We unschool / deschool / year-round-learn (I am not sure what to call it or rather, I don’t know which name feels right, but I know that we do not homeschool in the traditional sense), and part of our day is devoted to some sort of sensory play.
Sensory play is very important for young children, because stimulating their senses helps to promote brain development.
Sensory play encourages scientific processes (an explanation of this is: a method of research in which a problem is identified, relevant data is gathered, an idea / explanation is formulated from this data, and is then tested to observe the result).
Problems are solved using the five senses during sensory play: sight, sound, smell, taste, and touch. By stimulating a child’s senses you are helping their brain develop, because when a sense is engaged neural pathways are being created to assist with further learning in later years. Very important! This is all achieved with activities that encourage hearing, touch, sight, smell, balance, taste and movement. These activities help with exploration and encourage children to use scientific processes naturally while they investigate, explore, play and create (just having loads of fun!).
Here is a short excerpt from The Spruce (https://www.thespruce.com/why-sensory-play-is-important-2086510) on why sensory play is so important:
The Role of Sensory Play
It’s not just children who have difficulty with sensory integration who can benefit from sensory play; it’s all children. There are certain groups of children, such as those who have autism or those who have sensory integration dysfunction disorder who have specific difficulty making sense of and organizing all the stimuli that come at them via their senses.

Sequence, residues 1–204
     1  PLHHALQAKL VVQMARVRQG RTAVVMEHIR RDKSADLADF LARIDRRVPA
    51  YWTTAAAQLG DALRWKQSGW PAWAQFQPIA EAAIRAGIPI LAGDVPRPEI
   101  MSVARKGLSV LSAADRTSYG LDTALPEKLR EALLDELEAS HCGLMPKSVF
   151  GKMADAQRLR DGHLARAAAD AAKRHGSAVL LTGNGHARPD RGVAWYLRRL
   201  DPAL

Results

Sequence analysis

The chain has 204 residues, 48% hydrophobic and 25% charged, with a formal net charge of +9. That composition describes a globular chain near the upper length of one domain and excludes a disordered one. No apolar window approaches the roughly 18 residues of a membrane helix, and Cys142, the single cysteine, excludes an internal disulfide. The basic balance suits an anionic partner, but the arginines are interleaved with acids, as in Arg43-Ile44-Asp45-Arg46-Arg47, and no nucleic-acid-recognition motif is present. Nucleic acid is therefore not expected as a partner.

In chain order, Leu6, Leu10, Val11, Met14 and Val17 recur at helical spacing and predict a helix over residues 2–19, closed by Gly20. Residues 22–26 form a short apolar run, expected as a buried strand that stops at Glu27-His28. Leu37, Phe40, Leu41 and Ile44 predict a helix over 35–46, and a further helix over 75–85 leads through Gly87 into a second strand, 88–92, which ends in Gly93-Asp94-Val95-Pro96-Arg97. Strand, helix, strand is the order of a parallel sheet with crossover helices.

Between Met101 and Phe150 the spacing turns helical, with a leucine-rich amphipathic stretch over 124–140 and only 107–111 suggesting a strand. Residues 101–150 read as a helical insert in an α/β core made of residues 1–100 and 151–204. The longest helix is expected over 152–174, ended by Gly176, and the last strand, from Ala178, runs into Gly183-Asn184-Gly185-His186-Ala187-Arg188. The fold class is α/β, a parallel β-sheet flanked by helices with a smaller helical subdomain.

The truth is, all children need help learning how to use their senses. From the very first day they are born, children are designed to explore the world via their senses. That’s why babies and toddlers touch everything and put it in their mouths. It’s why kids make funny noises with their mouths and experiment with how the world sounds with their fingers stuck in their ears. It’s why your child spins in circles until she’s so dizzy, she falls and then gets up and does it again.
Sensory Play Isn’t All About Touch
Some people, when they think of sensory play, immediately picture sand and water tables or kids playing with clay and playdough. But sensory play isn’t all about touch, it’s also about the other senses, too. For instance, the sharp scent of vinegar involved in a science experiment or the colors of water during a color mixing experiment or the texture and smells of scratch and sniff painting are all part of appealing to your child’s senses.
Sensory exploration is a child’s way of examining, discovering, categorizing and making sense of the world. And it’s beneficial to provide them with opportunities for sensory play.
One of the items that we love to use for sensory play is Kinetic Sand made by WABA Fun. This is what this company says about themselves on their About page (http://www.relevantplay.com/About-Us.html)
WABA Fun was founded in 2003 to provide children with awesome toys to encourage imaginative, open-ended play and to invite their minds to explore, create and learn. We believe creativity, innovation, and inspiration are natural for children, when they are provided the right tools for play. We are also passionate about making play and learning exceedingly fun.